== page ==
Paradise with population decline: Santa Cruz County saw 3,069 fewer residents in the past year

An illustration of U.S. Census Bureau data
(Via U.S. Census Bureau)

An aging population, limited immigration and COVID have combined to drive the U.S., California and Santa Cruz County to historically low growth rates.

Our national population decline has been unprecedented, as the United States saw its slowest 10-year population growth since the Great Depression. It’s been a decadelong trend, and one now exacerbated by COVID-19 deaths and immigration cutbacks.

Santa Cruz County and California as a whole are no exceptions, and census data from the past few years backs that up.

With affordability adding to other woes, the county saw a 1.1% population decline between April 1, 2020, and July 1, 2021, according to United States Census Bureau data. That’s equivalent to a 3,069-resident decrease, from 270,861 down to 267,792.

Following the state’s smallest population increase since 1900 — a minuscule 0.05%, or 21,200 new residents — between July 1, 2019, and July 1, 2020, California experienced its first population decline ever, down 0.46% in the 2020 calendar year. That trend continued into 2021, with a 0.8% decline between April 1, 2020, and July 1, 2021.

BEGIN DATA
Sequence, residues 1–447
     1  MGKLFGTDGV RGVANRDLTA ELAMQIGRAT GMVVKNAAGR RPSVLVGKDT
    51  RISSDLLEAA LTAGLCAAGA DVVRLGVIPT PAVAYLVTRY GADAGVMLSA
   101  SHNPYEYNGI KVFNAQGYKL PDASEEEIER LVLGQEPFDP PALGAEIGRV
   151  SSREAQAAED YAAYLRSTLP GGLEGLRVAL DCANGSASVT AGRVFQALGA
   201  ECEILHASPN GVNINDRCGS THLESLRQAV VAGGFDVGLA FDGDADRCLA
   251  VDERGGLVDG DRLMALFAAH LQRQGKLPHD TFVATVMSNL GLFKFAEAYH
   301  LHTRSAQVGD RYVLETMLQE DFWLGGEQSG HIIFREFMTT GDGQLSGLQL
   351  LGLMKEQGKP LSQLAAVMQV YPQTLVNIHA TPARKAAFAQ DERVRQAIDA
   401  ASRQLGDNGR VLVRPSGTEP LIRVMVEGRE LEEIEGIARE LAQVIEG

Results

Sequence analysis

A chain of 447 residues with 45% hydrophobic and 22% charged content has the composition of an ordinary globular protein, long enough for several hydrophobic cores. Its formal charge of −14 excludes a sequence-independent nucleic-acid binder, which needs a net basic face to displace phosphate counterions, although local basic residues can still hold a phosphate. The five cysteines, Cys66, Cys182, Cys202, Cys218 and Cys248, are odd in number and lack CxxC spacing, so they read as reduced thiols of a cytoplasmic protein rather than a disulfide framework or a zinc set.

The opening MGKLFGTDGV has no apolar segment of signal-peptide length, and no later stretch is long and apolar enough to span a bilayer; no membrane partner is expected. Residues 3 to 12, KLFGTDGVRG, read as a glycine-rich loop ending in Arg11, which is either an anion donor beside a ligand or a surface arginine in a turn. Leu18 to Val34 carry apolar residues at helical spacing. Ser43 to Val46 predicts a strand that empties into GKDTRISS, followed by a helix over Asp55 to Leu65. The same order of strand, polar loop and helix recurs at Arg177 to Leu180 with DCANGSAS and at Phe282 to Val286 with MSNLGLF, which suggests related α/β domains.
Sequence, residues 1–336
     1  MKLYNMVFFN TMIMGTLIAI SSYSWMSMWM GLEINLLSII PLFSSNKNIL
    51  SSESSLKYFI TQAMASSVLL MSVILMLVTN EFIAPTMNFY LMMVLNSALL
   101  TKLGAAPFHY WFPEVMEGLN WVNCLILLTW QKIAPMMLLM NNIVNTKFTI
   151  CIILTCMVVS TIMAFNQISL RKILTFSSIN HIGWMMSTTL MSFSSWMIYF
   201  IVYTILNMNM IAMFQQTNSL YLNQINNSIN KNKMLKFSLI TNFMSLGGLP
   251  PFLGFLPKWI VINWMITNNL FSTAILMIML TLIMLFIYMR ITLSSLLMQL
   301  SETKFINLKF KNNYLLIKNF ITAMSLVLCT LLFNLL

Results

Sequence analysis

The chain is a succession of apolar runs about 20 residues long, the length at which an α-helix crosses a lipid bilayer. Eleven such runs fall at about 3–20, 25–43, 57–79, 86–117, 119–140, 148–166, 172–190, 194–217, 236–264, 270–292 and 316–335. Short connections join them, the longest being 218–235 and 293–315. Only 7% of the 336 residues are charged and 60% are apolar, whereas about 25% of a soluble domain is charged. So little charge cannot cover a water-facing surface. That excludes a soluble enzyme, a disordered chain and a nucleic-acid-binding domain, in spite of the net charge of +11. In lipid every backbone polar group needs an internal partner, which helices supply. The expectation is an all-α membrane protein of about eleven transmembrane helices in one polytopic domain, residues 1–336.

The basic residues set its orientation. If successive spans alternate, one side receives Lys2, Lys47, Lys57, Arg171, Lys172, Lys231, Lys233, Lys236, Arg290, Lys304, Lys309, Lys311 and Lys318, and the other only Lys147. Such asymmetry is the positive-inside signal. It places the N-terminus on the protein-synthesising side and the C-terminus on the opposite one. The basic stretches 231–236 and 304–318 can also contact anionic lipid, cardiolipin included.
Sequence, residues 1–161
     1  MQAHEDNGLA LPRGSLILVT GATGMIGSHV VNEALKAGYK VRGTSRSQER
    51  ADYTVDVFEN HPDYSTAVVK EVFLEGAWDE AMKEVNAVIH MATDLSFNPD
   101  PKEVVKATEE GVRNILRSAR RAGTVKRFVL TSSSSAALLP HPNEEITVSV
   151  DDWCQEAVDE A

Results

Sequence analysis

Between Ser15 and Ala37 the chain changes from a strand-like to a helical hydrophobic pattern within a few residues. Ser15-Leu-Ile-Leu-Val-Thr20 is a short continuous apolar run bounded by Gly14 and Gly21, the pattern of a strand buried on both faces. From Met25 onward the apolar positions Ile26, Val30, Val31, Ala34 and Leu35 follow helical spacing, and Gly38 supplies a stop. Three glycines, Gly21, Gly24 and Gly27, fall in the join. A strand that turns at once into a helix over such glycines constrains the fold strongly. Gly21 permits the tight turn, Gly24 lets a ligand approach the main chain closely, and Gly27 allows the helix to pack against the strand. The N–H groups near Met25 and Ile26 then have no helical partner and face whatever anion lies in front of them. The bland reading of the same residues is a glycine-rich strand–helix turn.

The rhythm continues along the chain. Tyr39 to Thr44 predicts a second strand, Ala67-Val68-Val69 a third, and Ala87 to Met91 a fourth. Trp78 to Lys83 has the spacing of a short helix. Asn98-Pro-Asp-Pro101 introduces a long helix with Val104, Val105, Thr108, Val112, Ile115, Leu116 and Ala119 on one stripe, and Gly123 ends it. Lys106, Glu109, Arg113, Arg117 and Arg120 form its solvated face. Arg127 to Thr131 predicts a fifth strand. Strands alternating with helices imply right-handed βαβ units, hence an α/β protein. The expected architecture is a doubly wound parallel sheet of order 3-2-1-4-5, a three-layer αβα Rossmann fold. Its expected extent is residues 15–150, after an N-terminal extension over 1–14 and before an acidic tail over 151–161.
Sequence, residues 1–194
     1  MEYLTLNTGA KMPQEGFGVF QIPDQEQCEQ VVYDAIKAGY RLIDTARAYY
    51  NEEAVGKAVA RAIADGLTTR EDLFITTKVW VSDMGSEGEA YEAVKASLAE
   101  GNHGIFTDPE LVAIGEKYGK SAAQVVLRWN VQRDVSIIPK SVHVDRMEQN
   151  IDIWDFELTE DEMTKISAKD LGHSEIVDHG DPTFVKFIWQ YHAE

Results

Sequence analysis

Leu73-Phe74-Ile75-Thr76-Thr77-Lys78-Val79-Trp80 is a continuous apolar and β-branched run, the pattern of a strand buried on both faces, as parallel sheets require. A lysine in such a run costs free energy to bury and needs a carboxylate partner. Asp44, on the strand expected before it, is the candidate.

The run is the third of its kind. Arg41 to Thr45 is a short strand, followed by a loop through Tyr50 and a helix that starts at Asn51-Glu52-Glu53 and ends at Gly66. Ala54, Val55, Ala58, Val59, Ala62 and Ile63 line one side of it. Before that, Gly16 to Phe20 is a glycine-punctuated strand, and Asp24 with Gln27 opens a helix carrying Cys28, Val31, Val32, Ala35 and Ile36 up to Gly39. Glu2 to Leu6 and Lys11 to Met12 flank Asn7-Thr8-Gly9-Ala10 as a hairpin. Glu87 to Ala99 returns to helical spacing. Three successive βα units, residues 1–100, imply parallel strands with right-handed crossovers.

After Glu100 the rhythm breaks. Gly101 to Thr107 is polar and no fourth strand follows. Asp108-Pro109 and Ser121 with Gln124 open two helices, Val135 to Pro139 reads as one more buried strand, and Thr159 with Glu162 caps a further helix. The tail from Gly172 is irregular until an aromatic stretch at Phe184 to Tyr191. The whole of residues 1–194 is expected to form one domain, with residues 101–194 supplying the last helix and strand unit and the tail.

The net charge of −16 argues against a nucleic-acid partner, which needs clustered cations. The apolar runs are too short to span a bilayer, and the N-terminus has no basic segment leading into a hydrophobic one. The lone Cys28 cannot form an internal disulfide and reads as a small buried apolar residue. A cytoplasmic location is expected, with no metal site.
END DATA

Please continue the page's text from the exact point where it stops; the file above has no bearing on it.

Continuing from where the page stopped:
Rate of population change, Santa Cruz County vs. neighboring counties

As for nearby counties, three out of four — San Mateo, Santa Clara and Monterey — saw similar population declines. San Benito County is the only one that saw growth, with a 3.8% increase.

Housing prices could be driving that difference: The price of homes there is by far the most affordable among the four counties. San Benito’s 2021 fourth-quarter median home value was listed at about $608,000. The next lowest was Monterey County — its neighboring county that experienced the smallest population decline — at $749,000.

Nationally, the numbers point to an astounding fact: 2021 marked the first time the U.S. population grew by fewer than one million since 1937.

Rate of population change, Santa Cruz County vs. California vs. United States

In December, the U.S. Census Bureau reported that the U.S. population grew a meager 0.1% during 2021. That is the slowest rate of growth since 1918-19, amid the Spanish Flu pandemic and World War I.

Experts attribute these widespread, historic firsts in population decline and stagnation to several factors.

Slower population growth isn’t new to the U.S. in recent years, as birth rates and net immigration have been decreasing since the mid-2010s, while deaths have increased due to an aging population.

Throw the COVID-19 pandemic into the mix, and you get a never-before-seen population dip as the previous factors have all been exacerbated by the public health crisis.

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